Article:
WASHINGTON (Reuters) - The U.S. Supreme Court on Friday agreed to hear an appeal by printer cartridge reseller Impression Products Inc of a lower court ruling finding it liable for infringing patent rights of Lexmark International Inc when it imported Lexmark’s toner products back to the United States after they were sold abroad.
If upheld by the justices, the February ruling by the U.S. Court of Appeals for the Federal Circuit favouring Kentucky-based Lexmark would reinforce U.S. patent owners’ ability to control the use of their products even after they are sold. Lexmark was acquired on Wednesday by a group of investors led by Chinese company Apex Technology Co Ltd. 002180.SZ
At issue is whether foreign sales restrict a patent owner’s ability to sue for infringement if a buyer sells those products back in the United States, sometimes at a lower price.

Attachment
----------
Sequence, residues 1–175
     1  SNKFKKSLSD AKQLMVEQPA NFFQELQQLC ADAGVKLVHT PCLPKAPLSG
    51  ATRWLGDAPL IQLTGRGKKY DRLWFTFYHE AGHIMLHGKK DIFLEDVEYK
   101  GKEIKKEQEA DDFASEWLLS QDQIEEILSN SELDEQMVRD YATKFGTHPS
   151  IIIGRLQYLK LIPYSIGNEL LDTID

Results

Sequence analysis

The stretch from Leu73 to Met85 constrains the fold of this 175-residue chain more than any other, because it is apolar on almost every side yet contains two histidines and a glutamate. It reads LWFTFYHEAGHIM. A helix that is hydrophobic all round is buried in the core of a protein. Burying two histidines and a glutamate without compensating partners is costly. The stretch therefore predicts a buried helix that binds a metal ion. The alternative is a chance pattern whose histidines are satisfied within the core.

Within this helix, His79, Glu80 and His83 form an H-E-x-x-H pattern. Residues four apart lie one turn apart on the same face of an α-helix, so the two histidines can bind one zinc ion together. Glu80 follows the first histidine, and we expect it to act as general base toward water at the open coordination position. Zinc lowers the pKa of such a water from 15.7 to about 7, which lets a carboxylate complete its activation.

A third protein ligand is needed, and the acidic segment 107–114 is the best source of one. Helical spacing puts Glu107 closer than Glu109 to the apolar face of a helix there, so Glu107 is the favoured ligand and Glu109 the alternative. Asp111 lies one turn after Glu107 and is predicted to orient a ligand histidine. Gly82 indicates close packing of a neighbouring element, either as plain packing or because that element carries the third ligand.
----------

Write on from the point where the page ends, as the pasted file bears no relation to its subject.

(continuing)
The dispute is closely watched by the tech and pharmaceutical industries because of its potential impact on how they engage in international trade. Several companies, including Intel Corp(INTC.O) and Vizio Inc(VZIO.O), asked the court to hear the case, as did the U.S. Justice Department.
“For more than 150 years, this court has held that, once a particular patented article has been sold in the United States by the patentee ... the patent laws do not constrain the subsequent use or resale of that article,” U.S. Solicitor General Ian Gershengorn wrote in the Obama administration’s brief to the justices.
Lexmark sued several companies in 2010 for infringing its patented toner products by selling aftermarket cartridges that had been refurbished by third parties. All of the defendants settled except for West Virginia-based Impression Products.
The federal appeals court in February upheld a 2014 ruling by a lower federal court in Cincinnati, Ohio that found Impression Products liable for reselling Lexmark’s cartridges that were first sold abroad.
It also overturned a ruling that cleared Impression Products from liability over the sale of Lexmark’s single-use cartridges in the United States. Consumer groups had argued that patent law should not restrict customers from reselling or altering products they lawfully purchased.
The Supreme Court will hear arguments and issue a ruling by the end of June.
Reporting by Lawrence Hurley; Editing by Will Dunham